The Ouija Board of Cobden, Ontario
The Ouija Board of Cobden, Ontario
Since at least the late 1800s, Western spiritualists have attempted to communicate with the spirits of the dead through so-called ‘talking boards’. These devices originally consisted of wooden boards on which were painted the letters of the alphabet, along with an essential accessory called a ‘planchette’- a heart-shaped piece of wood with three wheels or felt sliders attached to its underside. During Victorian-era séances, occult practitioners would dim the lights, sit around the talking board, and invite any spirits present to communicate with them. That accomplished, the practitioners would lightly place their fingers on top of the planchette, which would proceed to glide across the surface of the talking board, seemingly of its own accord. Ideally, the planchette would point to a succession of letters which spelled out a coherent message ostensibly attributable to some otherworldly entity.
In the 1890s, four American businessman patented a particular style of talking board which displayed the alphabet, the numbers 0 through 9, and the words ‘YES’, ‘NO’, and ‘GOOD BYE’. The businessman dubbed their innovation the ‘Ouija board’, and went on to found the Kenneth Novelty Company, through which they produced and sold these devices on a massive scale. Due to their marketing efforts, the Ouija board quickly metamorphosed from a relatively obscure spiritualist tool into an innocent and extremely popular parlour game. This perception endured until 1973, when the horror film The Exorcist hit American theatres, transforming the talking board once again into a sinister apparatus of the occult.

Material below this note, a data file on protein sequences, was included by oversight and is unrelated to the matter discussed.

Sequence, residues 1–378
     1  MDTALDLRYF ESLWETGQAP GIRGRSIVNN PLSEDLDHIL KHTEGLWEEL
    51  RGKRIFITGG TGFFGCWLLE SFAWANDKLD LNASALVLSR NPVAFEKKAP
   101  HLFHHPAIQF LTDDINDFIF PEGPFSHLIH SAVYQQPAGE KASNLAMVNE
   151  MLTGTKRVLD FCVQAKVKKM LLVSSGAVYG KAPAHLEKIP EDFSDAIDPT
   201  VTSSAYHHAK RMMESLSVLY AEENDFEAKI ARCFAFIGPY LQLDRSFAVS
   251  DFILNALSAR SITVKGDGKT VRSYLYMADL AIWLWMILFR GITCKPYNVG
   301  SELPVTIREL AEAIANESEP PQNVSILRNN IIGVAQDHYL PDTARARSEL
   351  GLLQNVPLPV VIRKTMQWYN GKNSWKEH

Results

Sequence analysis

Although most post-1973 accounts of Ouija board use are either tales of scoffing skepticism or dire dissuasion, there are a few pre-Exorcist anecdotes involving positive outcomes resultant of Ouija board consultation. One of these appeared in the February 1955 issue of the magazine Fate.
Violet Bender of Ottawa, Ontario, the lady who submitted the story, claimed that sometime in the 1880s, her aunt . had come into the possession of a talking board. Although Mrs. Bender was not explicit in her description of the apparatus, it seems possible that this particular talking board’s planchette was equipped with a pencil.
Violet’s aunt used the apparatus to help her compose music. In 1902, her aunt died, and the board was bequeathed to her mother, the wife of an Anglican clergyman.
Violet’s eldest sister, Winnifred, who was eighteen years old at the time, quickly discovered that the board would write for her. “It provided her with many hours of amusement,” Violet wrote. “Her girl friends came to ask about their beaux. It replied equally well to mental questions- that is, to unspoken questions in a person’s mind. Whoever had the strongest will or the greatest power of concentration got the reply to his or her question.”
At that time, Violet and her family lived in the village of Cobden, Ontario, situated on an old and well-used portage route circumventing a set of rapids on the Ottawa River. Word quickly spread throughout Cobden, as it so often does in small communities, that Winnifred could locate lost or stolen articles using her Ouija board.
Early one morning, Violet and her family awoke to the frantic ringing of the rectory bell; someone, it seemed, desperately wanted to see the minister. Violet’s father threw open the rectory window and stuck out his head. “Who is there?” he called. “What do you want?”